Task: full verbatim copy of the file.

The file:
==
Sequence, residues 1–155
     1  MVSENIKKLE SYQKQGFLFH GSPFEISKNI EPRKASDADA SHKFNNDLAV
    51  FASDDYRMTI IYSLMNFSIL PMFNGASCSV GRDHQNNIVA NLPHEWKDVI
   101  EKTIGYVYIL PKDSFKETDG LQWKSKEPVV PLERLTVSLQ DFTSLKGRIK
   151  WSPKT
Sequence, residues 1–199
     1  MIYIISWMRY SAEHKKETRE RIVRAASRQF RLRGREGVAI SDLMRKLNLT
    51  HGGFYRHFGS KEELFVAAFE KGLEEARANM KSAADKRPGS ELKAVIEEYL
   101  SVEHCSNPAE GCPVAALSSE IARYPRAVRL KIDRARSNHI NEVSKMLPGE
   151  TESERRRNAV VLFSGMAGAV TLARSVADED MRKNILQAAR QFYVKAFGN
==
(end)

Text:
Sequence, residues 1–155
     1  MVSENIKKLE SYQKQGFLFH GSPFEISKNI EPRKASDADA SHKFNNDLAV
    51  FASDDYRMTI IYSLMNFSIL PMFNGASCSV GRDHQNNIVA NLPHEWKDVI
   101  EKTIGYVYIL PKDSFKETDG LQWKSKEPVV PLERLTVSLQ DFTSLKGRIK
   151  WSPKT
Sequence, residues 1–199
     1  MIYIISWMRY SAEHKKETRE RIVRAASRQF RLRGREGVAI SDLMRKLNLT
    51  HGGFYRHFGS KEELFVAAFE KGLEEARANM KSAADKRPGS ELKAVIEEYL
   101  SVEHCSNPAE GCPVAALSSE IARYPRAVRL KIDRARSNHI NEVSKMLPGE
   151  TESERRRNAV VLFSGMAGAV TLARSVADED MRKNILQAAR QFYVKAFGN